How not to image servers

This content is 18 years old. I don't routinely update old blog posts as they are only intended to represent a view at a particular point in time. Please be warned that the information here may be out of date.

A couple of weeks back, I wrote about using Microsoft’s system preparation tool (SysPrep) to prepare virtual machine images for duplication. It doesn’t really matter whether the machine is virtual or physical, the principle is still the same (my point was that cloning virtual machines using a file copy is easy but needs to be prepared in a specific way – i.e. using SysPrep).

A few days ago I was completely amazed to hear how one of my clients had duplicated some of their servers – they had simply broken a mirror, placed the second disk in a new server, then added another disk in each server to recreate the mirror (repeat until all servers are successfully duplicated). It may be ingenious, but it’s also extremely bad practice.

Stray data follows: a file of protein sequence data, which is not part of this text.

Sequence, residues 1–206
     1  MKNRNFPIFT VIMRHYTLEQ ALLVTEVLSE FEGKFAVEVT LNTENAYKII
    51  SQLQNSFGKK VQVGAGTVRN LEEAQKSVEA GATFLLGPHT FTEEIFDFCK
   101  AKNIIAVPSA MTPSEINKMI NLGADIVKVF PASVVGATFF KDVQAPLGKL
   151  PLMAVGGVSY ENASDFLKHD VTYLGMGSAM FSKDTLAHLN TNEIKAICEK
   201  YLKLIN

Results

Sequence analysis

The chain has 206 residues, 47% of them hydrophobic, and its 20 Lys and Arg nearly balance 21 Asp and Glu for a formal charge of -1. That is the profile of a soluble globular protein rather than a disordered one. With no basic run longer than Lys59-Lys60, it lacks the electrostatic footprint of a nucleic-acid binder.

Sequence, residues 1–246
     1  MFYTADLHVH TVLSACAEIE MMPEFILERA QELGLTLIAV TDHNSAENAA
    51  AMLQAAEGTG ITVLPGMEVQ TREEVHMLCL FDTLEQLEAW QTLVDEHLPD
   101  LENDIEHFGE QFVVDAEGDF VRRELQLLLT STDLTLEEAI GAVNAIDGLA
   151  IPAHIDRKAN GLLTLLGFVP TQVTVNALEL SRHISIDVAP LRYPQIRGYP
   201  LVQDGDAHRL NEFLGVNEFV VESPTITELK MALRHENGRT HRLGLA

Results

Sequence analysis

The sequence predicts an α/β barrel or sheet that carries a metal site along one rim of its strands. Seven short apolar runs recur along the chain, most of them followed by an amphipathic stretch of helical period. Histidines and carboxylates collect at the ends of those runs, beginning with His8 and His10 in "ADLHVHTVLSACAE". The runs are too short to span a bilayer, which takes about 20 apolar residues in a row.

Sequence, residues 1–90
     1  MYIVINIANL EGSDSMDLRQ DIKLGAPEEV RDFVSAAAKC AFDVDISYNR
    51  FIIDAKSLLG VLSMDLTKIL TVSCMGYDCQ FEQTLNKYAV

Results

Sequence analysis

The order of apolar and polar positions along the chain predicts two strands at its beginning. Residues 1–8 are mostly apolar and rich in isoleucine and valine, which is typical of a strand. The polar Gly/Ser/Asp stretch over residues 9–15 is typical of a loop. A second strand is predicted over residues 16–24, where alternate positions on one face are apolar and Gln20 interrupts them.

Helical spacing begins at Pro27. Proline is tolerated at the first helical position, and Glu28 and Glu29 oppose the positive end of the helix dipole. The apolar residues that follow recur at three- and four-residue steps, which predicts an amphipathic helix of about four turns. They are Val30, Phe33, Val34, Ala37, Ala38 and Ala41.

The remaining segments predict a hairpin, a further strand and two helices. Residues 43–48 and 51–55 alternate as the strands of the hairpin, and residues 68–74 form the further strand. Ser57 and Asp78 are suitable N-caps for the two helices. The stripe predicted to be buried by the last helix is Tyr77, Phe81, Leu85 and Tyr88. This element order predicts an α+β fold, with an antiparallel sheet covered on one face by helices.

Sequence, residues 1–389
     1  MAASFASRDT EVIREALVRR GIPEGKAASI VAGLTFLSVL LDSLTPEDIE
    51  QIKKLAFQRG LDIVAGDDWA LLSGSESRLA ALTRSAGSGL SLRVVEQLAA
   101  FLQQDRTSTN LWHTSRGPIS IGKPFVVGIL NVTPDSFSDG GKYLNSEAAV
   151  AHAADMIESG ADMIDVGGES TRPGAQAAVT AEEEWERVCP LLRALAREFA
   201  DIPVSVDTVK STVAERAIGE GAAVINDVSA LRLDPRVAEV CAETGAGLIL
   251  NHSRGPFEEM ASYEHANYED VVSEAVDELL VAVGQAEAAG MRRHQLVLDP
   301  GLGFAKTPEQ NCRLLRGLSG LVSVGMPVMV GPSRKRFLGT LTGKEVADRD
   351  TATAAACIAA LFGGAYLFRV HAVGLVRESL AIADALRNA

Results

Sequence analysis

The client in question is in the process of preparing for a migration from Windows NT to Windows Server 2003 and Active Directory. Although NT doesn’t get too upset if servers are cloned, including their security identifier (SID), Active Directory does. They now have three choices:

  • Rebuild the problem servers.
  • Remove the servers from the domain.
  • Use a tool like Sysinternals NewSID to change the SIDs (both officially unsupported by Microsoft).

Whatever the decision, it’s all extra (and unnecessary) work – completely avoidable.

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